We often internalize Jewish tradition to such an extent that we act on it without conscious awareness, much the way we speak a language without consciously being aware of grammar. Is this a good thing? Is it better to perform an act in full awareness of what we’re doing and why? Or, is it better to internalize right actions to such an extent that we never even consider an alternative?
It often surprises those who know Jews only as “the people of the Book” that the greater part of Jewish observance is not to be found in the written Torah at all. The Judaism we know today would be unrecognizable to those who stood at Sinai. There are those who argue that this process of continual re-interpretation has made the Judaism of our day less “authentic” than that of our ancestors’ time. And yet, if we believe that God has had a hand in our history, we must see the Torah as being continuously given via the same hand that puts these challenges in our path and requires us to adapt to them.
This week’s parasha includes the celebrated “law of the birds nest”, the observance of which is associated in the Torah with long life. But what kind of long life is meant here? A case can be made that what is at stake is not the life of the individual but of the society as a whole.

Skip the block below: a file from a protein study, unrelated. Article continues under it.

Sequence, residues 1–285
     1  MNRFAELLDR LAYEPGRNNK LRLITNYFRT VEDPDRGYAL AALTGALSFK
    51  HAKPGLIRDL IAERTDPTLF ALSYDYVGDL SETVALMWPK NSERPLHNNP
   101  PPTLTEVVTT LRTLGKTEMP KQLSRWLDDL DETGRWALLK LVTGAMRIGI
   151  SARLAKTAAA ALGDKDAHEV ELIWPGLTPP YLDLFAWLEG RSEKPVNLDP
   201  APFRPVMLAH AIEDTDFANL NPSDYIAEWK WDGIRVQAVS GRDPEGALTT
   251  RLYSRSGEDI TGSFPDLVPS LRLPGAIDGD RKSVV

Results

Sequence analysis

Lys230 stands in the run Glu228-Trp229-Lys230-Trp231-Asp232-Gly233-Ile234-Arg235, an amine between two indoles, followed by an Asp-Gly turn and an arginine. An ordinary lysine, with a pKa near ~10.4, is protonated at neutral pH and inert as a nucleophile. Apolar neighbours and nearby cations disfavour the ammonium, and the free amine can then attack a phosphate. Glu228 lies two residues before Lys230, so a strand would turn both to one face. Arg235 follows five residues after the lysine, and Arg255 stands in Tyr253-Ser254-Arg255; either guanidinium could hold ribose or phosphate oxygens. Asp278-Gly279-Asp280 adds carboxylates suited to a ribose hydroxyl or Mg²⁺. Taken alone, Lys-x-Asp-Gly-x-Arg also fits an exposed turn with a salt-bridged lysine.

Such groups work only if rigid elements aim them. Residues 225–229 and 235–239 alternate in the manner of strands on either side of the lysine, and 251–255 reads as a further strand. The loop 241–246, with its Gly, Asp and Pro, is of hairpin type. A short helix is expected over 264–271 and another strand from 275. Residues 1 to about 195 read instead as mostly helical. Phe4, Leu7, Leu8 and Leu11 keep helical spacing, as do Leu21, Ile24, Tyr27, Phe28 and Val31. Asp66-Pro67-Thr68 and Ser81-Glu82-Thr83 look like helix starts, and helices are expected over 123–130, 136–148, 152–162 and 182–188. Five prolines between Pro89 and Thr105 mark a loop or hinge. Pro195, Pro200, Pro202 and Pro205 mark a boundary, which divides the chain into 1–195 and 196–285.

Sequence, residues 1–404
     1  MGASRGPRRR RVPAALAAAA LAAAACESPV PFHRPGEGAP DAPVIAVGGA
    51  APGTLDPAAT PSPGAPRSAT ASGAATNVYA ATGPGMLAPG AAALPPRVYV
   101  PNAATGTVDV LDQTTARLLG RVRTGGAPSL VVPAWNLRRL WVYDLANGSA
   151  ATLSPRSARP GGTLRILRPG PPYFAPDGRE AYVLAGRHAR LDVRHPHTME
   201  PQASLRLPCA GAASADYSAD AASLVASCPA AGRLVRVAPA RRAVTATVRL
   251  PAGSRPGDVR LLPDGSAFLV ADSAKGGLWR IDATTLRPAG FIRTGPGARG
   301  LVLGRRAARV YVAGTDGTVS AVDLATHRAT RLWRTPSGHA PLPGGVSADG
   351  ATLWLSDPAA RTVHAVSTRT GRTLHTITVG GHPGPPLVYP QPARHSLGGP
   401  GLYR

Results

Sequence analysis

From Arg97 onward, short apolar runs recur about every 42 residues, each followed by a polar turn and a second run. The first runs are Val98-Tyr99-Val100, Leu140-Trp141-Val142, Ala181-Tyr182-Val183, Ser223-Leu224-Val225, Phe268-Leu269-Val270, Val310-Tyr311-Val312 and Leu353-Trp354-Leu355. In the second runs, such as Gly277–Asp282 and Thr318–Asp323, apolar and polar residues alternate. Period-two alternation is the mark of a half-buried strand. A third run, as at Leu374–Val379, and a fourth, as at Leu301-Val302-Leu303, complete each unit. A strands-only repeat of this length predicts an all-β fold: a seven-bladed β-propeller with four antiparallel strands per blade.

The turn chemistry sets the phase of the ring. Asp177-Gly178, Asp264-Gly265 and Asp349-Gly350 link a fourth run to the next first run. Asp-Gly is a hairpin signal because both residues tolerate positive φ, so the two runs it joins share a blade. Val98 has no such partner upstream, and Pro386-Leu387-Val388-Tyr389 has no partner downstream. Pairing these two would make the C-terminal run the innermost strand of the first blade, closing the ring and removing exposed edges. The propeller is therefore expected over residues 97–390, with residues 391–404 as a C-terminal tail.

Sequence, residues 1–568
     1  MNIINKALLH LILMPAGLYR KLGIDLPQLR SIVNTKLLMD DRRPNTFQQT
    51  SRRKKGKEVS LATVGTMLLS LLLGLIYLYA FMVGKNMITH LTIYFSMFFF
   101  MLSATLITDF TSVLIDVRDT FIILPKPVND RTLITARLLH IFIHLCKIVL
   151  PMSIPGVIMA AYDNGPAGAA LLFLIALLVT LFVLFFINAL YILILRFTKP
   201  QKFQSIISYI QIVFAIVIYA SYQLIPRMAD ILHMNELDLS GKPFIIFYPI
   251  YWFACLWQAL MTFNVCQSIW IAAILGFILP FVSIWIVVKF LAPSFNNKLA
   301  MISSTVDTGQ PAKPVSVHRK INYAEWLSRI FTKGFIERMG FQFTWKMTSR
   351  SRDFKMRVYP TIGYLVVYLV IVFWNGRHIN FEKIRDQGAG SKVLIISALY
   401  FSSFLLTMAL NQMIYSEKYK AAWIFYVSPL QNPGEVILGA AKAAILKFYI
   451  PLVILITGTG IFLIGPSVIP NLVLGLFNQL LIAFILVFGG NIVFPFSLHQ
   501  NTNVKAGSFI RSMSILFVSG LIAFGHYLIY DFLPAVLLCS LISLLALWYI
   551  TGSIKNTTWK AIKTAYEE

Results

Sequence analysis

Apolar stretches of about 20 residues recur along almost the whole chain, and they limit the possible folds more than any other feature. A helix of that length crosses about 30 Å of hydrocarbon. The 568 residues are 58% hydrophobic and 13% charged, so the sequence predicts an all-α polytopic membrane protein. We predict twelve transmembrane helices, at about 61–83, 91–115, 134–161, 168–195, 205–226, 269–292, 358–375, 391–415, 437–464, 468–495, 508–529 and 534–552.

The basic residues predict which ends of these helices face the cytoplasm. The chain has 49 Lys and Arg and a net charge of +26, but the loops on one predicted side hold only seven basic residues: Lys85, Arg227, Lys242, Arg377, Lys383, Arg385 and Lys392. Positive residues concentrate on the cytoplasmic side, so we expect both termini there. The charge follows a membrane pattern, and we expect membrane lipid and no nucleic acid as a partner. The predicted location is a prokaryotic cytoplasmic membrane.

This week’s Torah reading, parashat Mattot-Masai, rounds off Sefer BaMidbar (Numbers). Among the narratives of battles, conquests, and politics, we can also discern a subtle shift in divine-human relations: only in the last few parshiot do human beings begin bringing questions and requests to change the law. What brought about this change?
Jewish Law represents the accumulation of our national wisdom and the repository for our experience as a people. We are unique in our identity as a people with a particular relationship with God and with history. Whether any particular halakhic decision is made by a rav in response to circumstance or goes all the way back to Moshe and Sinai is irrelevant; all are part of our cultural DNA and are no less God-given than our physical DNA. It is quite literally a part of us. And we are a part of it. We all have an input to the halakhic process just by doing or not doing.
Rav Elli Fischer recently “came out” as an orthodox rabbi willing to perform weddings outside of the official Israeli rabbanut. He joins a number of other rabbis who are taking steps to bypass a rabbanut that is seen by most Israelis as corrupt and detached from the needs of the people. This clash is an unfortunate result of the political reality at the foundation of the modern State of Israel. While Halakhah and the State of Israel are both expressions of the Jewish drive for self improvement, they are built on a opposing organizational structures.